281566 Preparation and Characterization of Porous Poly(vinylidene fluoride) Membranes Using New Pore Forming Additives

Wednesday, October 31, 2012: 2:40 PM
402 (Convention Center )
Shada Salem1, Rinku Thomas2, Elena Guillen2, Hassan Arafat3 and Stephen W. Thiel4, (1)School of Energy, Enviornmental, Biological, and Medical Engineering, University of Cincinnati, Cincinnati, OH, (2)Water and Environmental Engineering Program, Masdar Institute, Abu Dhabi, United Arab Emirates, (3)Chemical and Environmental Engineering Department, Masdar Institute of Science and Technology, Abu Dhabi, United Arab Emirates, (4)School of Energy, Environmental, Biological, and Medical Engineering, University of Cincinnati, Cincinnati, OH

Much attention has been paid to semicrystalline poly(vinylidene fluoride) (PVDF) as a membrane material due to its high resistance to harsh environments (including both both acidic and basic conditions), its high thermal and UV stabilities, and its affordable cost at large scale. [1-5]. PVDF membranes can be produced using wet phase inversion. Recently, organic and inorganic pore forming additives have been included in the membrane casting solution; these additives include poly (vinyl pyrrolidone), polyethylene glycol, LiClO4, LiCl, and ZnCl2. Changes in membranes morphology, performance, and mechanical strength due to the use of pore forming agents have been reported in the literature. [6-12].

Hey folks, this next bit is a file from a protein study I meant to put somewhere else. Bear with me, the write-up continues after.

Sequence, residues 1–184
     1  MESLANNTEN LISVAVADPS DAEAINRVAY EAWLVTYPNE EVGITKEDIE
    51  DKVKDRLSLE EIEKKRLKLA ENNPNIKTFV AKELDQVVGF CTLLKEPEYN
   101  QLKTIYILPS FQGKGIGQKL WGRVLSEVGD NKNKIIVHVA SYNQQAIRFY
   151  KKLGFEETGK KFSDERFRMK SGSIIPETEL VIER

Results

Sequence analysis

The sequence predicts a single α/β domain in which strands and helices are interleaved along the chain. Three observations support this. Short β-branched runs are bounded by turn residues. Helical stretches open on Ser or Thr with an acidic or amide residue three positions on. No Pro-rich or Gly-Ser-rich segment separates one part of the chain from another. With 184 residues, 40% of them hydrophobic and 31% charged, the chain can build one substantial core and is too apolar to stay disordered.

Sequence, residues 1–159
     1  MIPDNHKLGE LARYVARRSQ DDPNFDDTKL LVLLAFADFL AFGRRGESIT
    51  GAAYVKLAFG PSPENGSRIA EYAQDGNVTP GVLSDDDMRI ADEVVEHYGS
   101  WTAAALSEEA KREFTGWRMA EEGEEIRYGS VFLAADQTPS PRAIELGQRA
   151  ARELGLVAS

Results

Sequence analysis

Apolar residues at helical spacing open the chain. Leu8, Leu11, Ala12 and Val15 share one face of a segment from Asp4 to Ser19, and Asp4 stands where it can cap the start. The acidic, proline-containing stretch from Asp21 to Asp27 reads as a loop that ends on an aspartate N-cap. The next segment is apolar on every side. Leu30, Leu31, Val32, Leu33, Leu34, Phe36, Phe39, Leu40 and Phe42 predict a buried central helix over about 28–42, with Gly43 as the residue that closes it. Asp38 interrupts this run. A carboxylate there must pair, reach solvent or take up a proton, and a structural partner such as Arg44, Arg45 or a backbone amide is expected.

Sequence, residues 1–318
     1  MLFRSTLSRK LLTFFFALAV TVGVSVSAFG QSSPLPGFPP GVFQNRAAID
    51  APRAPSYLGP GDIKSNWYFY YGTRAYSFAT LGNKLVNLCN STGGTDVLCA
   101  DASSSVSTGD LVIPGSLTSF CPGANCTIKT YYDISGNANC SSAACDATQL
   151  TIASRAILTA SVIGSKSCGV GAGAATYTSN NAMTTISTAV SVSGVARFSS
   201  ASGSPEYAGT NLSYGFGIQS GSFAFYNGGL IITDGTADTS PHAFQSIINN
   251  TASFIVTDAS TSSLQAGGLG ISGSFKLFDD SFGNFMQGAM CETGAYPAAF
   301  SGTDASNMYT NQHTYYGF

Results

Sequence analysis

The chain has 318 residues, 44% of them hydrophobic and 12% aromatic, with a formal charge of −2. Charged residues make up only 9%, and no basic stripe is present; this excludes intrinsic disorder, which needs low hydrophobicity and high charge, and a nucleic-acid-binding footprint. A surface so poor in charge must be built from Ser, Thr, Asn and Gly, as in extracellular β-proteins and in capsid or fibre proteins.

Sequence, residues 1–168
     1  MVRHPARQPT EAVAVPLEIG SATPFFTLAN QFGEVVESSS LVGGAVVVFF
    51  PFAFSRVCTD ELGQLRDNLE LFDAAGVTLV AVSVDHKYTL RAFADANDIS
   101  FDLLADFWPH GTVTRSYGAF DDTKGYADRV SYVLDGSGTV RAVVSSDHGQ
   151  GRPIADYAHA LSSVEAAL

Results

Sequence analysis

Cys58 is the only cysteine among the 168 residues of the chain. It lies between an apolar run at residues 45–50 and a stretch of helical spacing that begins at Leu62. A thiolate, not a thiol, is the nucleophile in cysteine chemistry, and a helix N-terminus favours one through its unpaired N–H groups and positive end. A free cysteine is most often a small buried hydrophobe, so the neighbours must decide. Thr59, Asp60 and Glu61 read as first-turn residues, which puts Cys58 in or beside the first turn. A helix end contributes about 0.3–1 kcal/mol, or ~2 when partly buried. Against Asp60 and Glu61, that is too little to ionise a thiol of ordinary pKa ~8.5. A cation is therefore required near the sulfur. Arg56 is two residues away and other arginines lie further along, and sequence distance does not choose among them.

This paper investigates the effect of new pore forming additives, trimeythelbenzene (TMB) and sodium chloride to the poly(vinylidene fluoride)-N,N-dimethylacetamide system. The use of these additives significantly influenced the final morphology of the membranes. The total porosity and the average pore diameter increased with the addition of TMB and NaCl. Scanning electron microscopy, water intrusion porosimetery, capillary flow porometry, and water contact angle were used to characterize the morphology, porosity, average pore size, liquid entry pressure and hydrophobicity of the membranes.

References

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